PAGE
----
My golden, Hope, was diagnosed with fibrosarcoma of the paw three years ago. Early on, she had traditional surgery to remove the mass, but the lump always came back. We found a wonderful holistic vet who was able to use Eastern medicine to keep the tumor in check for most of those 3 years. Recently, holistic care lost out to the cancer and her leg was amputated at the shoulder on Friday. I joined this group to learn how I can assist her through the healing process and help her maintain a good quality of life. —– For the first few days following surgery, Hope was pretty high on tramadol and the patch. She seemed much better after the patch was removed, but refused to try to get up by herself. We had to use two slings to drag her outside to go potty and even then, she didn't go. She had only two bowel movements in the week and urinated only three times. She looked very depressed–like she had lost the will to try. The only thing that perked her up was food–Hope LOVES her food. Had she stopped eating, we would have been very worried. During this time, she continued to drink water. On June 25, we took her to the surgeon and she manually expressed her bladder. It took three big, thick towels to hold it all! Immediately, Hope got up and starting walking around and had a bowel movement right in the doctor's office and then started exploring down the hall. If I had not been there, I wouldn't have believed it! It's only been one day since she started walking without any assistance, but she looks happy and she is no longer in pain from her cancer. Another thing–her surgeon took her bandage off early. She said that some dogs really hate the bandage and to be carried around in a sling. Apparently, Hope was one of those dogs. Maybe having the bandage removed gave her some of her dignity back–you just never know how change affects our dogs. Hope might not be running a marathon anytime soon, but we are so glad to see the progress she's made in such a short time.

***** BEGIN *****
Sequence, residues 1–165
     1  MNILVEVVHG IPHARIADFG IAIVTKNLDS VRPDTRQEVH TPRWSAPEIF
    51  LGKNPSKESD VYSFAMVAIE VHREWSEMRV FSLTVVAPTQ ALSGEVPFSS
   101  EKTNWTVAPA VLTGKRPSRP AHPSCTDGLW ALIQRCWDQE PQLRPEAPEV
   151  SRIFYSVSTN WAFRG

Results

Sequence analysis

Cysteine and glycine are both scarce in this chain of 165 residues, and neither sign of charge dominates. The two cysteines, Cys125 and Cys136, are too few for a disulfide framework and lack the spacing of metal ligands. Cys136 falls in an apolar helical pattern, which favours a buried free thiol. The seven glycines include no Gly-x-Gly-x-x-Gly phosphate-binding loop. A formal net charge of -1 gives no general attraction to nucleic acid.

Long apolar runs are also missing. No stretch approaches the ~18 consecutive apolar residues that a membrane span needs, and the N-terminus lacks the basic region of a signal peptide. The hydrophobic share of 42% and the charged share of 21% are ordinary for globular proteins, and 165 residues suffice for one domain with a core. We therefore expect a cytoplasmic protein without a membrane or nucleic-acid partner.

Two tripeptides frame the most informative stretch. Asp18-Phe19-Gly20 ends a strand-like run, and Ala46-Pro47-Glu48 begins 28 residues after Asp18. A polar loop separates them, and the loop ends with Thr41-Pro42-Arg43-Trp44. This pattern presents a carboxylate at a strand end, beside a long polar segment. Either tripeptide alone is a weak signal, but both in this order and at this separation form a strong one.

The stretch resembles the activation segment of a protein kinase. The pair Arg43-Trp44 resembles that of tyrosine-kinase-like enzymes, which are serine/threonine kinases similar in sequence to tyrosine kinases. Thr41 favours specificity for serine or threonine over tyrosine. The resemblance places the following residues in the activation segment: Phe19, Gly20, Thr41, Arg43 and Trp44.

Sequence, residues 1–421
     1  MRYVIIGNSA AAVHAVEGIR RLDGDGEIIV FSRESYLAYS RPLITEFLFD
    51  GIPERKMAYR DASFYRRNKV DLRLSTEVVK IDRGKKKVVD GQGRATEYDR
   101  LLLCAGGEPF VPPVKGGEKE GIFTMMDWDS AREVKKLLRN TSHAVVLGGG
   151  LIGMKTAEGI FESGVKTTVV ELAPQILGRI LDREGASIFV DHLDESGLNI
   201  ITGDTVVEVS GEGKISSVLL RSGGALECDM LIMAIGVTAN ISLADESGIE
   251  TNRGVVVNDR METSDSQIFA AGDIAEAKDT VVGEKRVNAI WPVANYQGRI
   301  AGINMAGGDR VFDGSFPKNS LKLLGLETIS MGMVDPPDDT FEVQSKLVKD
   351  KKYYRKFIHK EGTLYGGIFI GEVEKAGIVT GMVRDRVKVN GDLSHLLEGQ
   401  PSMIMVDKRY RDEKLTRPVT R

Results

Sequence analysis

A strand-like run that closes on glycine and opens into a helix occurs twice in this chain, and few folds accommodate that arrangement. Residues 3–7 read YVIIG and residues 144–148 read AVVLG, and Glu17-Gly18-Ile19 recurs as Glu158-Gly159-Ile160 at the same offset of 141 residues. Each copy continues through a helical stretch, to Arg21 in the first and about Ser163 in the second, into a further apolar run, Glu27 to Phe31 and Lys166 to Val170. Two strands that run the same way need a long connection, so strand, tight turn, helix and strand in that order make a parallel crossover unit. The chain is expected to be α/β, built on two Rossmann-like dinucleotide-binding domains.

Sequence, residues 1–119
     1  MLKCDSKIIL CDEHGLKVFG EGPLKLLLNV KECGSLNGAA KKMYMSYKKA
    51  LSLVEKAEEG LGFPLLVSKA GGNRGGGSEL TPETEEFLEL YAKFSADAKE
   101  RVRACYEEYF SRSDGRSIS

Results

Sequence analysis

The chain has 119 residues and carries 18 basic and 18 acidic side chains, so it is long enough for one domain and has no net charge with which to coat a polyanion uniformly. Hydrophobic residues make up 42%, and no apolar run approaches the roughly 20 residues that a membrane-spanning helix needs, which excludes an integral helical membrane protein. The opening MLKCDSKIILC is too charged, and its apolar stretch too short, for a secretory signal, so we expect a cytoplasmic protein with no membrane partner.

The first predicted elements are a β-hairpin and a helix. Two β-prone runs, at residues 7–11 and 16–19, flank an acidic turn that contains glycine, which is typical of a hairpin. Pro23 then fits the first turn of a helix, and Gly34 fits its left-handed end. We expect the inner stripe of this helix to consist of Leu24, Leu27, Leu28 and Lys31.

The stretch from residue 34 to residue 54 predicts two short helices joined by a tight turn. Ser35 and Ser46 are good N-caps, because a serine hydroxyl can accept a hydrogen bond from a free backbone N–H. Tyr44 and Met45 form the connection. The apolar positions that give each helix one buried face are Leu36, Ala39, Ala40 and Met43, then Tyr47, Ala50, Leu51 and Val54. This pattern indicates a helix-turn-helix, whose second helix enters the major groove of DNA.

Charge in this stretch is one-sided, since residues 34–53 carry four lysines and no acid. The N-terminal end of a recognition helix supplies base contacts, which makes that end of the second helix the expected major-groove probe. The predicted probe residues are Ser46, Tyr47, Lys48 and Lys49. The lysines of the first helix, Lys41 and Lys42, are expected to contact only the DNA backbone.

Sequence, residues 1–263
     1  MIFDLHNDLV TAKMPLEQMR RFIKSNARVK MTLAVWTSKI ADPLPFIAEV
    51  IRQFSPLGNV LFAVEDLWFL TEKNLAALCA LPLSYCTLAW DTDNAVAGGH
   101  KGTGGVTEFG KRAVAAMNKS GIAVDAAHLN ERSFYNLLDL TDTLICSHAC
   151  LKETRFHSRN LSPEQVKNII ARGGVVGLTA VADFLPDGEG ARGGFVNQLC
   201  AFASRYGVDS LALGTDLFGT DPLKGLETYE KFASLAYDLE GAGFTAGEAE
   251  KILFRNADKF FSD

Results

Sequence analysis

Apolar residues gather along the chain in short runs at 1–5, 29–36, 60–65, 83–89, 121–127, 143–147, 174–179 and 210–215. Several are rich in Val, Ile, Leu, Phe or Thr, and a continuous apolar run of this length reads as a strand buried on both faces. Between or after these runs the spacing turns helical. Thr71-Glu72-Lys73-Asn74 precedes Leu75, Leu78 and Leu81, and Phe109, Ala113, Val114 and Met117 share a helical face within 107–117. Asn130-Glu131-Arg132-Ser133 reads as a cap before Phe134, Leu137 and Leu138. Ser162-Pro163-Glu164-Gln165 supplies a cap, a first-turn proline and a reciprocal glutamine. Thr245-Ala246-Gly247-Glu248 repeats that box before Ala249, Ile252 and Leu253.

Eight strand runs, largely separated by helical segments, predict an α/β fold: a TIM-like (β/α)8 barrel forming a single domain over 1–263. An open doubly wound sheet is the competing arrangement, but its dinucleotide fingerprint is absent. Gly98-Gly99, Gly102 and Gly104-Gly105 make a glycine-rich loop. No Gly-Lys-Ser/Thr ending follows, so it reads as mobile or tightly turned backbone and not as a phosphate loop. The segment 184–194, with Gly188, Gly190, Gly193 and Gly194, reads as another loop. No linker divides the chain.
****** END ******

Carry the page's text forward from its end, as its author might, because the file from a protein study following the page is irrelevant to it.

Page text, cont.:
10 thoughts on ““Mission of Hope””

  1. What a beautiful idea 🙂 Thank you for doing your “mission of Hope”. You will be able to help so many others because of it.


  2. Thank you, Elizabeth. WE will be able to help so many dogs–you are part of the tripawd family that will be there giving your support too! 🙂

    I am a dog rescuer and have many friends in the dog community who I know will embrace “Mission Hope” and the encouragement of the tripawd community. I hope others in the organization will join me in Mission of Hope.